Students in eighth grade through high school can attend any or all of Long Island STEM Hub Career Conversations, which are scheduled for 9 to 11:30 a.m. on Saturdays in the museum’s theater on Charles Lindbergh Boulevard. The next session, on Feb. 11, will focus on manufacturing. The remaining five sessions will each address a different career path, including energy, aviation, life and environmental science, engineering or health care.
Each session will feature industry professionals and representatives from Long Island colleges and universities that offer majors in related areas. The sessions will help students know what classes they should focus on in high school to prepare them for a STEM major in college.
“We’re not getting people relocating from Kansas to Long Island on a regular basis because of the cost of living,” says Andrew Parton, president of the Cradle of Aviation. “The hope is that this opens up some eyes, and with the kids a light bulb goes off. You can go to school here on Long Island, and you can get a good job here on Long Island in these industries.”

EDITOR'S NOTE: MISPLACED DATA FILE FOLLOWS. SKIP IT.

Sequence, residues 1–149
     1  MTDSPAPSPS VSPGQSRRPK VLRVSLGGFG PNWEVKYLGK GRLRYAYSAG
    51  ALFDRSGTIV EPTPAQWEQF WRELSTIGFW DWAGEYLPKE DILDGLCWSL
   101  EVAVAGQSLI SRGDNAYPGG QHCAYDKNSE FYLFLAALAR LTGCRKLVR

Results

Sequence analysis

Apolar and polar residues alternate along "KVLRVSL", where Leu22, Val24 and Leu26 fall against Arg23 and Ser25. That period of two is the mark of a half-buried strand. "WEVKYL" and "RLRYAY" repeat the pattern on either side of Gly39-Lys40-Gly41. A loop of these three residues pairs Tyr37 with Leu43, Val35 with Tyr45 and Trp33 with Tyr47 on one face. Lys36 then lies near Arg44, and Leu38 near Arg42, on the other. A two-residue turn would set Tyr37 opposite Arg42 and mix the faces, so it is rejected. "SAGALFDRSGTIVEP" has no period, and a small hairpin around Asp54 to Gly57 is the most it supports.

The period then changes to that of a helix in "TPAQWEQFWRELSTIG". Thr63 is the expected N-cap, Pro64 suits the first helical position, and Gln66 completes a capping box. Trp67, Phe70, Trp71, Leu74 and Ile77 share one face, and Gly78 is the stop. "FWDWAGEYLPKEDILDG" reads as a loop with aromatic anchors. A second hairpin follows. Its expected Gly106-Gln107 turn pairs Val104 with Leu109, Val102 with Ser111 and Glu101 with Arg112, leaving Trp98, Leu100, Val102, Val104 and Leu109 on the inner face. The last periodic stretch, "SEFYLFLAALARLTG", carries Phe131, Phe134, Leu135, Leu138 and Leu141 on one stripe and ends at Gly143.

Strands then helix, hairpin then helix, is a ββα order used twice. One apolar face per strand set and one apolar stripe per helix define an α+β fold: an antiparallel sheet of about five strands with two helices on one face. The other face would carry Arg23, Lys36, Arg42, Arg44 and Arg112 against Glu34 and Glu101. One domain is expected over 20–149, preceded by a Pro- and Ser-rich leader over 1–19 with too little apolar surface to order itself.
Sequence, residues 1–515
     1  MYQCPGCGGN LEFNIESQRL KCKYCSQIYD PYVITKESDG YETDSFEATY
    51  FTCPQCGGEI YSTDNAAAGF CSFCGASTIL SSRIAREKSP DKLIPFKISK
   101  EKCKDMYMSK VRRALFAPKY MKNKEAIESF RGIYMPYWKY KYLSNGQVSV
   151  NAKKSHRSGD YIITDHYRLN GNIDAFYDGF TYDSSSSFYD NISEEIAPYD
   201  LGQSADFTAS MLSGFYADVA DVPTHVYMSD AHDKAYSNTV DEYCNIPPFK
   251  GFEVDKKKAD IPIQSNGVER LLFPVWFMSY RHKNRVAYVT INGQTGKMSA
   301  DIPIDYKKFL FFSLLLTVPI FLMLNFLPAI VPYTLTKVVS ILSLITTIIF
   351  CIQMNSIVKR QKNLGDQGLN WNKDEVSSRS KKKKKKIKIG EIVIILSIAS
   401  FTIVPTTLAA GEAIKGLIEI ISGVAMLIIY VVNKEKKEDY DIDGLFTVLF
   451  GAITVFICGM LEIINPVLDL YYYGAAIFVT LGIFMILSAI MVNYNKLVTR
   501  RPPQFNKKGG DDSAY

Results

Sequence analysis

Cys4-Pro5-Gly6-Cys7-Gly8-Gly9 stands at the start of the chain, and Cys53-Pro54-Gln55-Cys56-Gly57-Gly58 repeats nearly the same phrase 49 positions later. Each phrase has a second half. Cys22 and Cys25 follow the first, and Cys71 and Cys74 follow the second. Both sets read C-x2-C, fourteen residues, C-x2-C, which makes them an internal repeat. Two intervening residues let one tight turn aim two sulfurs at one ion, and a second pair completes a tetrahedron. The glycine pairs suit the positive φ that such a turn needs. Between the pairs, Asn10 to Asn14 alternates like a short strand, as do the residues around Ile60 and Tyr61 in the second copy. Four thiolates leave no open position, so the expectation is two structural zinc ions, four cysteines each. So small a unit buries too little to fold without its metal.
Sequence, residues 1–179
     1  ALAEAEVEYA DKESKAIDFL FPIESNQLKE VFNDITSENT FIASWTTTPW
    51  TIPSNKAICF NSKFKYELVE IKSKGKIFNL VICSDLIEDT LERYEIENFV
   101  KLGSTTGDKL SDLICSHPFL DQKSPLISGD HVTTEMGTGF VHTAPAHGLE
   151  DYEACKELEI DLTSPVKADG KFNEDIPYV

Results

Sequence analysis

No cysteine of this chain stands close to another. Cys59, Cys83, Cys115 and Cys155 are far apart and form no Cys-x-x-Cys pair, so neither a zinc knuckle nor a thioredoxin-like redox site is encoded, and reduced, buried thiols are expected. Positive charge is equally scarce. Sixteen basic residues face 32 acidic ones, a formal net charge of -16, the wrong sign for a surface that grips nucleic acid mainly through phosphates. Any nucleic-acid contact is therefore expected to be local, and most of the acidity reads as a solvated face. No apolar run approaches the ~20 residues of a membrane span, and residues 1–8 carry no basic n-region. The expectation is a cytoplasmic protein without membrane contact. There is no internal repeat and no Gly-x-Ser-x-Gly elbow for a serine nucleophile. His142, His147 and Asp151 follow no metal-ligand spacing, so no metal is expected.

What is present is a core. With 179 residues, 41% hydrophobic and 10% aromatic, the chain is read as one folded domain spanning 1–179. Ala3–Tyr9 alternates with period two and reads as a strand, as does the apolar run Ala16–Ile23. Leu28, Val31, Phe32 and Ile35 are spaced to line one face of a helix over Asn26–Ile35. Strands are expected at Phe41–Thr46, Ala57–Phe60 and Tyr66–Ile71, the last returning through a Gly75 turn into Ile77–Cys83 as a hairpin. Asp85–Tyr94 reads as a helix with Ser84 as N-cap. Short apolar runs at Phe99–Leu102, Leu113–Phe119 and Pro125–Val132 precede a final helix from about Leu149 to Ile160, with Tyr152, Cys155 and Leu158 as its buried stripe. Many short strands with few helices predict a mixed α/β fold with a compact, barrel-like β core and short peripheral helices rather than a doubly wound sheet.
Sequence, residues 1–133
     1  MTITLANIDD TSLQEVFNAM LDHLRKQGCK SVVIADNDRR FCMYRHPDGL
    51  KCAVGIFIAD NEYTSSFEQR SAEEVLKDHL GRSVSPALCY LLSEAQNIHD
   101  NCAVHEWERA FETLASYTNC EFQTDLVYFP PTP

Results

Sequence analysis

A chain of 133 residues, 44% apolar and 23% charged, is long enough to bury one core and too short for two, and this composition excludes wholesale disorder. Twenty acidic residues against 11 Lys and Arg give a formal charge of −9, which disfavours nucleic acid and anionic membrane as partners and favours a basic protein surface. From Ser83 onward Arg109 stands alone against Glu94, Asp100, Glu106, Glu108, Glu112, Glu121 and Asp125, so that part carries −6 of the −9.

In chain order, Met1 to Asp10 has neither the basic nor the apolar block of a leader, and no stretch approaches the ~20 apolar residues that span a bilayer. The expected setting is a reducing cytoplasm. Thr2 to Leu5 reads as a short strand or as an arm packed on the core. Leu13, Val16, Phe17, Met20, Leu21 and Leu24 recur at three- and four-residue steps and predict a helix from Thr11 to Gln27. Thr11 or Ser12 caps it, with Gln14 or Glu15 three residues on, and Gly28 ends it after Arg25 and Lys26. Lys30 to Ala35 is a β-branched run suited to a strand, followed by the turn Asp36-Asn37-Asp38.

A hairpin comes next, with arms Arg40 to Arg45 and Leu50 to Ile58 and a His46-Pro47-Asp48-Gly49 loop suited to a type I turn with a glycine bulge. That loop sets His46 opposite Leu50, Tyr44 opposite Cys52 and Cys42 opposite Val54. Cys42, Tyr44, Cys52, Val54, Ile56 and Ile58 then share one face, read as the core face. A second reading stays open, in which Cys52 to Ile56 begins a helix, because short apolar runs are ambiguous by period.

Advance registration is required at either listemhub.org or cradleofaviation.org.
The Whaling Museum
See a real Narwhal whale tusk and whale blubber, experience story time with Elsa, enjoy complimentary ice cream and more during the first ever Narwhal Ball on Feb. 19 at The Whaling Museum in Cold Spring Harbor.
"We transform the museum into a winter wonderland," says Gina Van Bell, assistant director. Participants in this full-day event will also create frosty crafts and go on an arctic scavenger hunt through the museum galleries.
The Narwhal Ball takes place between 11 a.m. and 4 p.m. and is $20 per child ages 2 to 17, $8 per adult and $6 per senior ages 62 and older. A limited number of timed entry tickets are for sale in advance. The museum is at 301 Main St. For more information, call 631-367-3418 or visit cshwhalingmuseum.org.